Pilots and Air Traffic Controllers No Longer Allow To Take Certain Anti-Smoking Drug
WASHINGTON (AP) - The Federal Aviation Administration is banning the use of prescription anti-smoking drug Chantix by pilots and air traffic controllers after reports of side effects including drowsiness and mood swings.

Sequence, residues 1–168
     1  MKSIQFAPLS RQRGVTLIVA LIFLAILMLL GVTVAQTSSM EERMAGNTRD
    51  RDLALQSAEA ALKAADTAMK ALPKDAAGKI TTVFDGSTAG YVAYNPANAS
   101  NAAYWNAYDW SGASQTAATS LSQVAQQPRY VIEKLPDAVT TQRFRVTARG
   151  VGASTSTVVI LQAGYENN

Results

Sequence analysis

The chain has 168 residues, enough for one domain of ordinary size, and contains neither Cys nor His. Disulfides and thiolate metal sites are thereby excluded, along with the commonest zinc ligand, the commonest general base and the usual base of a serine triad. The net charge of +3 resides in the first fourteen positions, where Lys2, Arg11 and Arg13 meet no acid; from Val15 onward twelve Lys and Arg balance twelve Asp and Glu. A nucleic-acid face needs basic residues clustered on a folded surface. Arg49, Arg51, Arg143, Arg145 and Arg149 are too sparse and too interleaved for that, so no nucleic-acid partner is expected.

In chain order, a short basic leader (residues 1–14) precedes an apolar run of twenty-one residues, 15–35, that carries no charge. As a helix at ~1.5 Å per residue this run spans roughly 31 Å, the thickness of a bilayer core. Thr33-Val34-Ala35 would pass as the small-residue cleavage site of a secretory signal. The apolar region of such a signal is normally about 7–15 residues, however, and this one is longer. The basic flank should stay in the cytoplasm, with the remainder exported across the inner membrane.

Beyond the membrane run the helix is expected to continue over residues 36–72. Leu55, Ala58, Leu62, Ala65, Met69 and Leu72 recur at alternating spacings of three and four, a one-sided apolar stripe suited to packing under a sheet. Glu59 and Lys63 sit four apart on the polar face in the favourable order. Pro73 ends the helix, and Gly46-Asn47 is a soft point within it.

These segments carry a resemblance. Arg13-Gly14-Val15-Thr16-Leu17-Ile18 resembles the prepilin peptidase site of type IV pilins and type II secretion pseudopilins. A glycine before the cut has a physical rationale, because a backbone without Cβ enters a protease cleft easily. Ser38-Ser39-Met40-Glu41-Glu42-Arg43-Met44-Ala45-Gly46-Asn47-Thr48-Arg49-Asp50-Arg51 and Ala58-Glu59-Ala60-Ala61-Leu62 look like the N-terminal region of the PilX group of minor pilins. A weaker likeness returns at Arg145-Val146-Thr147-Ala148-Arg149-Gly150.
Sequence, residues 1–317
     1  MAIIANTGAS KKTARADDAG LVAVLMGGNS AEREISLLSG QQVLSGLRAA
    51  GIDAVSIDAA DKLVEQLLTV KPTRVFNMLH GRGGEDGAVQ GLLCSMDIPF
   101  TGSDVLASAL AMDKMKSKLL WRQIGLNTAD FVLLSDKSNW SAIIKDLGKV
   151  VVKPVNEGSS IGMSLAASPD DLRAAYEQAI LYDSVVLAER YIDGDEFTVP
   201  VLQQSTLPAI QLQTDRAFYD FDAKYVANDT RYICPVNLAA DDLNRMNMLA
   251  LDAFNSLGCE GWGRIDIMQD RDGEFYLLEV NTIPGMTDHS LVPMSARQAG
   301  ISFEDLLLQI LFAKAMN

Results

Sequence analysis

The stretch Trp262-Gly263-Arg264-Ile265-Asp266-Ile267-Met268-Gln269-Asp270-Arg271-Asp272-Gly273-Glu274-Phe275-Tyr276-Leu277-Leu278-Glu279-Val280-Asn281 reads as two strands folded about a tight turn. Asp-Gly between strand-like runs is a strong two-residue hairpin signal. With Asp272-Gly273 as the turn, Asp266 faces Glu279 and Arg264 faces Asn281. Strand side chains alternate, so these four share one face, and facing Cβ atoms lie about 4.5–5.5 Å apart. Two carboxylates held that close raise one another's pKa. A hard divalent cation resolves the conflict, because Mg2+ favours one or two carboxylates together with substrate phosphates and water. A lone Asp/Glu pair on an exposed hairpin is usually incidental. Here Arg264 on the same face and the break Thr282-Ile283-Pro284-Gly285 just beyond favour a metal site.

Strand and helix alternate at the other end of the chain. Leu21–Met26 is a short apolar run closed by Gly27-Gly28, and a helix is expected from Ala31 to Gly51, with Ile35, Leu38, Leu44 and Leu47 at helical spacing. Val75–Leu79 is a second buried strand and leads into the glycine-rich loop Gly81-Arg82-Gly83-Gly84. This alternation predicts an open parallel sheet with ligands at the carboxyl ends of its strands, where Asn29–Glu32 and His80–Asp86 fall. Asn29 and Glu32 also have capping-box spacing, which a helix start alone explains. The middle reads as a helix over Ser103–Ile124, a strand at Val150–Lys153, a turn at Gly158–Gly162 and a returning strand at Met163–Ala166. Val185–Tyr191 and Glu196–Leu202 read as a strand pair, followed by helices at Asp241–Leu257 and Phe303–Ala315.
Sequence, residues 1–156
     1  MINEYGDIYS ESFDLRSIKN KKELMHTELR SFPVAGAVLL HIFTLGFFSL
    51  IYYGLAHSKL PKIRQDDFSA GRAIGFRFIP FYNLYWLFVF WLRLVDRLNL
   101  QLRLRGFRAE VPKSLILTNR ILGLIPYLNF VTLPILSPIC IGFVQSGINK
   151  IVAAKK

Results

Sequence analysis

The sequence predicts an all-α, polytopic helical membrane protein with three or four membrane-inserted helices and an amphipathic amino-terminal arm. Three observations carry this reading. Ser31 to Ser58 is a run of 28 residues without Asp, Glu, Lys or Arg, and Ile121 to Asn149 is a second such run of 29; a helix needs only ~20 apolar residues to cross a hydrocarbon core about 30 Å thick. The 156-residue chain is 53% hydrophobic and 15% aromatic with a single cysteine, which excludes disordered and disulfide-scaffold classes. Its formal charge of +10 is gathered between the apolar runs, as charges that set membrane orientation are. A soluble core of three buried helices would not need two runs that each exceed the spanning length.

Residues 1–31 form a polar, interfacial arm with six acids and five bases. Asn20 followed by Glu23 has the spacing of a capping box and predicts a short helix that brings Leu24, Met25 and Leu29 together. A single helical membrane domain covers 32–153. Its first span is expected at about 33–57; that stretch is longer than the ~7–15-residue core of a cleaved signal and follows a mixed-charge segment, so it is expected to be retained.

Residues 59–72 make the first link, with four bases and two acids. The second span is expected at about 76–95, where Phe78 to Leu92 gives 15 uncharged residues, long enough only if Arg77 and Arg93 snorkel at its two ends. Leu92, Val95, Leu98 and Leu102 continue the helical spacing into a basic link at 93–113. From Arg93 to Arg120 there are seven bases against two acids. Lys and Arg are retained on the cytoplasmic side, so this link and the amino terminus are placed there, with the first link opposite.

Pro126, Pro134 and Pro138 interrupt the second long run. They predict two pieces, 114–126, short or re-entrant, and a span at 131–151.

FAA spokesman Les Dorr says the ban is effective immediately and that the agency was notifying unions representing pilots and controllers.
The FAA decision comes a day after its officials were briefed on the side effects by the institute for safe medication practices.
A representative from Chantix maker Pfizer Inc. did not immediately comment Wednesday afternoon.